Medical care vs healthcare has long been my pet peeve. Medical care is the treatment received from a medical doctor or health professional. On the other hand, healthcare is the organisation for the delivery and efforts to maintain and restore health and well-being, which includes medical care. My simple definition is it is a system which underpins the business enterprise – people, process and products (supply chain). It is like medicine meet hotel and hospitality services.

The tendency to use them interchangeably is widespread but clarity comes when there is an issue with outcomes there is a broad brush for healthcare, as medical care an element of healthcare is not challenged, the health system is.

• IMMUNISATION, INOCULATION, VACCINATION

Immunisation, inoculation, vaccination are often used synonymously but there are important differences between them. Here we go to end the confusion. Immunisation is making a person protected from infection, while inoculation is the process, and vaccination is injection (the medicine) for the immunisation.

• VARIANT AND MUTANT

Now here comes variant and mutant. “A variant (a noun) is a form or version of something that differs in some respect from other forms of the same thing or from a standard.” Simply stated, it’s a variation of the same thing.

Mutant (a verb), on the other hand, is simply a new form of something, and the related use as an adjective is mutation.

Clarity I hope, as words matter!

The point I am trying to make in the foregoing definitions is that COVID-19 has created a whole new vocabulary which for daily briefings and public education has to be meaningful to listeners. The background of literacy of the Jamaican population which captures over 84 per cent for male and 93 per cent for female should help to pitch communication at a level where education and information can be received, processed, understood and enhance compliance. However, the illiterate, semi-literate and ignorant must also get the message for COVID-19 prevention and control and to reduce fear, e.g., what COVID-19 is, the signs and symptoms, how it is spread, who is at risk and measures for slowing it down, prevention and treatment when someone gets sick. Good communication for public education is what will drive the push for acceptance and taking of the vaccine.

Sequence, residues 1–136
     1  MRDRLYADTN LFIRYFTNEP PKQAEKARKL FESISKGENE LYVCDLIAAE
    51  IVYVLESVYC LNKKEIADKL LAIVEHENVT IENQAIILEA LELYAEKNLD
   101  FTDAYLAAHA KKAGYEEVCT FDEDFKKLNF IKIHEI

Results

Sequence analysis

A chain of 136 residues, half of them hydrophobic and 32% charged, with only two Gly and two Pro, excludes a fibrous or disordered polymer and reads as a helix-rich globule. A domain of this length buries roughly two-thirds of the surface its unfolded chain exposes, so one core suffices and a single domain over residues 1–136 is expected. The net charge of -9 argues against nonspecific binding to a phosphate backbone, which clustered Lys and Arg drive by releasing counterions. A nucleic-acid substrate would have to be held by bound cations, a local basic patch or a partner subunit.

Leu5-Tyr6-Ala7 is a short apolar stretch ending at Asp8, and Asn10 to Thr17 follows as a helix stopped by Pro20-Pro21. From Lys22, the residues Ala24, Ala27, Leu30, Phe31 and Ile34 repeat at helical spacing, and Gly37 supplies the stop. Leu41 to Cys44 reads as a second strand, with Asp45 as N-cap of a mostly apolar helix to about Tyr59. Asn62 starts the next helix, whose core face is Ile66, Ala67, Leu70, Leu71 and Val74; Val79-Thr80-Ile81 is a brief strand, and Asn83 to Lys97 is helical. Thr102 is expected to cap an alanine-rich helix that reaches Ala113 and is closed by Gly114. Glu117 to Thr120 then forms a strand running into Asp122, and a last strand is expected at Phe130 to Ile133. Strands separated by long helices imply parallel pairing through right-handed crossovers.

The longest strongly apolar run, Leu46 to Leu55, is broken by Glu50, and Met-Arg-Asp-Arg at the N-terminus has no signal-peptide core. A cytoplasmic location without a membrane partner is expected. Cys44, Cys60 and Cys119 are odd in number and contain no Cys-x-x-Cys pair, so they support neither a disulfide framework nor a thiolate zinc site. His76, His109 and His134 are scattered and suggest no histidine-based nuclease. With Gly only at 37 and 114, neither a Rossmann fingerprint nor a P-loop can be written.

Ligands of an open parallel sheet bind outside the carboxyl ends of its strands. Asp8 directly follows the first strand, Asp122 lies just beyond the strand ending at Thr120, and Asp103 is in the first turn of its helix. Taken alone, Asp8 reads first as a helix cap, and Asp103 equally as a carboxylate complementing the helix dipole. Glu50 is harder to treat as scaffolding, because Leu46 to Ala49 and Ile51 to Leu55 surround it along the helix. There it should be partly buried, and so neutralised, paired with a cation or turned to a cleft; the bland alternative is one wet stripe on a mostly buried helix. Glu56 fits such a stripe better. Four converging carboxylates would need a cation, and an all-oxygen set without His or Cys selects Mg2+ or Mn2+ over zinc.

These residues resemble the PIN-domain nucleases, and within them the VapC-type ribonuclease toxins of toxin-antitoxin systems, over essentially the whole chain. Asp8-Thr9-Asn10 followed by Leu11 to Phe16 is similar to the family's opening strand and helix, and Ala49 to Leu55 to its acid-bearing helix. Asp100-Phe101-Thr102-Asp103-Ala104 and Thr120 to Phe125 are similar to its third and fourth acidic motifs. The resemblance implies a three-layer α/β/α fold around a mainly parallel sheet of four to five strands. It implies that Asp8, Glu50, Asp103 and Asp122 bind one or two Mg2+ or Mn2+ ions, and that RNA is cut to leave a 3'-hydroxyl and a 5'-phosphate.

Kudos to the Government who is out front with briefings on these measures. But in the face of seemingly poor compliance with some measures, spread of the virus continues to escalate and community spread is in full flight. I believe part of the cause of the continued spread lies in concern for personal circumstances, for example, entertainment, a pay cheque, privileges and freedom to exercise one’s God-given rights. It is for these reasons persons hide their illness when known and some unknown as they have no symptoms and some openly defy accepting personal responsibility for controlling the spread of the virus. That is why I am of the view that what is being said, how it is being said should attract the interest of the listener, who in turn will understand his/her personal responsibility in the fight to control COVID-19 and acceptance of the vaccine.

Audrey Hinchcliffe is the CEO and founder of Manpower and Maintenance Services Ltd Group. Send feedback to ceo@manpowerja.com or columns@gleanerjm.com.